Seventeen people representing a wide spectrum of interests — ranchers, sportsmen, biologists, wolf advocates, among others — joined up and went to work.
Since then dozens of meetings have been held across the state, 43 peer reviewers have picked through draft plans, scores of he said-she said newspaper articles have appeared, hundreds of passionate speeches have been made by both sides, and tens of thousands of emails and form letters have flooded Olympia.
Also showing up in the state, at least five wolf packs, two in the Cascades, three in Northeast Washington.
Crossing the borders right behind the wild canids, all the angst, extraordinary hate and star-struck sentimentalities that have brewed in the Northern Rockies since wolves began filtering back into Northwest Montana in the 1980s and the Feds brought five and a half dozen from BC and Alberta into Central Idaho and Yellowstone in the mid-1990s.
There are now pro Washington wolf pages and anti Washington wolf sites. A “member” of the Lookout Pack tweets while an “alpha male” prowls a hunters’ forum. Every time WDFW posts something wolfish on its Facebook page, both sides rush in with foaming torrents of words.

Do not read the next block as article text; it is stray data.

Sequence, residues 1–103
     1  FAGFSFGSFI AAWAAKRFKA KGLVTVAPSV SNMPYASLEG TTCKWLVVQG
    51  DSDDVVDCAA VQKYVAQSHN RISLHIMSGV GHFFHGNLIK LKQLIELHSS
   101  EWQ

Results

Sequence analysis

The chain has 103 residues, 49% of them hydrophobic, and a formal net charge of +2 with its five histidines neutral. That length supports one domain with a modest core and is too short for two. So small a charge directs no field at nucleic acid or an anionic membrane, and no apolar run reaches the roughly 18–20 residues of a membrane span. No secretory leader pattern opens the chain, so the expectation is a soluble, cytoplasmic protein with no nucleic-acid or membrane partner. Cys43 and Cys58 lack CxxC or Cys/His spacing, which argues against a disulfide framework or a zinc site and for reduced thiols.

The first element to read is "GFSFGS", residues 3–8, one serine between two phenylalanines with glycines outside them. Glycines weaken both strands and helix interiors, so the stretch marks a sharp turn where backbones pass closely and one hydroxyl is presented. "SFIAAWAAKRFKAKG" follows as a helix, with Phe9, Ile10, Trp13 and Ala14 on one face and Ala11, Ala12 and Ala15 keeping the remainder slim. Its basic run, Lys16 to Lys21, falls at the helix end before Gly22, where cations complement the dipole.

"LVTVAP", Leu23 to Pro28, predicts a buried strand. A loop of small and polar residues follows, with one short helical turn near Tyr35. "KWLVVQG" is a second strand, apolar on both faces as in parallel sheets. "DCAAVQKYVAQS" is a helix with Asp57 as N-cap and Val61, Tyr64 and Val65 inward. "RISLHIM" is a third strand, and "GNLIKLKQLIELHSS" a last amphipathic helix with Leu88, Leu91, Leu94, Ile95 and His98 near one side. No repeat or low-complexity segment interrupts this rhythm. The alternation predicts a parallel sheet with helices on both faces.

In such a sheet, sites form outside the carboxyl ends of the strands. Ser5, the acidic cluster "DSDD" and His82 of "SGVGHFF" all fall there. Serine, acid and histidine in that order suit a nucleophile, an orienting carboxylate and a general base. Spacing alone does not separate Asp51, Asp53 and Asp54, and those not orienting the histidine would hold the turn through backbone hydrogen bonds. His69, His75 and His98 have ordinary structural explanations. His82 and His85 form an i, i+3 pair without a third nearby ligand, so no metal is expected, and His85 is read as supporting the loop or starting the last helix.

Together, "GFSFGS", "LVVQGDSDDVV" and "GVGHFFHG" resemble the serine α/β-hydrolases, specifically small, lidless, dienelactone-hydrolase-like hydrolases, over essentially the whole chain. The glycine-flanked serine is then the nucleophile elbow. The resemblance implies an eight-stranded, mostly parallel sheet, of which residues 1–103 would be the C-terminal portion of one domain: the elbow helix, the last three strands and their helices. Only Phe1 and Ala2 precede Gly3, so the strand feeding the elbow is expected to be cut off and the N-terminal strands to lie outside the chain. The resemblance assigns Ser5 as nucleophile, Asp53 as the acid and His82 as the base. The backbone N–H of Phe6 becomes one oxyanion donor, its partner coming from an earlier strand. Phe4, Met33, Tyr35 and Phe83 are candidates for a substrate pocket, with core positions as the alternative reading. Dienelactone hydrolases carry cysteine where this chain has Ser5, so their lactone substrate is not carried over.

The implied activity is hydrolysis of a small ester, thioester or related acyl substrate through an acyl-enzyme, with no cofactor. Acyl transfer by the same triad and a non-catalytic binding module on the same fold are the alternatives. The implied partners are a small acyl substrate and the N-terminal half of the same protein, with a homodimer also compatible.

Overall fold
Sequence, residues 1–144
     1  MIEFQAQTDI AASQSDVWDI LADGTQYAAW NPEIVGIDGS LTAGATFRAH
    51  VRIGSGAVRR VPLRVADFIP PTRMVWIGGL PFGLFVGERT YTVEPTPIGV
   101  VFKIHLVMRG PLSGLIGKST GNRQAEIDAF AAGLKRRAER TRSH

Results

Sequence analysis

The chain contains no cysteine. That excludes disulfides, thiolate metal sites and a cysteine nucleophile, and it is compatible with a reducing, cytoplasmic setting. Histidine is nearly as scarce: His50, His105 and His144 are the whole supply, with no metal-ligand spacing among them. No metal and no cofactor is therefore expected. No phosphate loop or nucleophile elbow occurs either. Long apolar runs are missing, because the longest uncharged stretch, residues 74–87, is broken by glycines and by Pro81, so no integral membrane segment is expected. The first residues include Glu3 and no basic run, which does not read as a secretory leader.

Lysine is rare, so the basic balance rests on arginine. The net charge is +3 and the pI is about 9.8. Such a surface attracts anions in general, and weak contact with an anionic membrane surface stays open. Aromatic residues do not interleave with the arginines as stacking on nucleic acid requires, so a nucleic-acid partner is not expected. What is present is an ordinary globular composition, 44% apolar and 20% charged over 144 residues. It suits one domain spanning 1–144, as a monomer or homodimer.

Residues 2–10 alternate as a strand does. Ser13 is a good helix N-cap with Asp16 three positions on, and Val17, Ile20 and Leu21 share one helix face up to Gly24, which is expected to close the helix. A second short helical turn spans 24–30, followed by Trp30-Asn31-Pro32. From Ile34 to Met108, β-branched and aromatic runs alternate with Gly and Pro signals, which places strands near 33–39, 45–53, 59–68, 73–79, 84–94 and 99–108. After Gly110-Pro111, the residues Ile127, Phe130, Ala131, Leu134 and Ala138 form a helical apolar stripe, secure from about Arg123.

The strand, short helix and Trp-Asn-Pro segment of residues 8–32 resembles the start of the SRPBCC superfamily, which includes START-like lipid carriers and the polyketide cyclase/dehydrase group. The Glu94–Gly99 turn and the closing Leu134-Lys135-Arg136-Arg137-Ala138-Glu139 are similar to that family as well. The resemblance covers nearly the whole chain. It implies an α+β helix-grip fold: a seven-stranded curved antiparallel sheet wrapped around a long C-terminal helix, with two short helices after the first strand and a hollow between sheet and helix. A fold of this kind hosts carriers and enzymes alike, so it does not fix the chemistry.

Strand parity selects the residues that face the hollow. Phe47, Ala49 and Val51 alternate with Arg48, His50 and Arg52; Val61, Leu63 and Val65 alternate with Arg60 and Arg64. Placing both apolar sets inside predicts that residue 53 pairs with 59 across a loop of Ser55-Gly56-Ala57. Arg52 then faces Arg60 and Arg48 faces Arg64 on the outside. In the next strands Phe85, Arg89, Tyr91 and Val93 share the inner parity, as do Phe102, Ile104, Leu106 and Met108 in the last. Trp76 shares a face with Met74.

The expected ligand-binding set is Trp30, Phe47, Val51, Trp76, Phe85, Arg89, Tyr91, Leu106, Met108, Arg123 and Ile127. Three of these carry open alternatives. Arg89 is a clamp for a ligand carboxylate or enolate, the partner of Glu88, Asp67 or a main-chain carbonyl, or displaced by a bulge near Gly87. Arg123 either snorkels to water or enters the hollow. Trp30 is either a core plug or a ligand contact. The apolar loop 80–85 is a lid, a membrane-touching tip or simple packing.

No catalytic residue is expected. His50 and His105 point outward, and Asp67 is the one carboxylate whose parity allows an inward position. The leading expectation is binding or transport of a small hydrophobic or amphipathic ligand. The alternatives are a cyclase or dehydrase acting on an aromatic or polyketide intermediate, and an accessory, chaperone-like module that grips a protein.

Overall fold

Cuddle and coddle!
Almost completely drowned out, voices of reason, sanity and moderation.
For her part, Wecker said she didn’t follow development of the draft plan very closely, though some members attended some meetings and reported back.
But last summer, as the group received the final recommendations from WDFW staff, the debate was right in front of them. Four public meetings later, they’re fully engaged.
“It’s by far the most contentious issue since I’ve been on the commission,” said Wecker, who was appointed in May 2005. “People feel passionately on both sides. There are those who believe they were extirpated for a good reason. And there are those who see them as important and part of the wilderness. There’s so much uncertainty, such different viewpoints. It’s the toughest one we’ve ever had to deal with.”
ONE QUESTION WECKER HAS IS, how will wolves do in Washington. It’s the $64,000 question: As much work as has gone into it, there’s no clear answer — computer modeling can only tell us so much at this early stage.
After diving into the issue in summer 2008 (when the first confirmed pack in 70 years took up residence in the Methow Valley, where I deer hunt) and talking with a number of real experts, I had begun to wonder whether wolves would amount to much in Washington. The habitat and prey availability just isn’t what it is in Idaho, western Montana and Northwest Wyoming.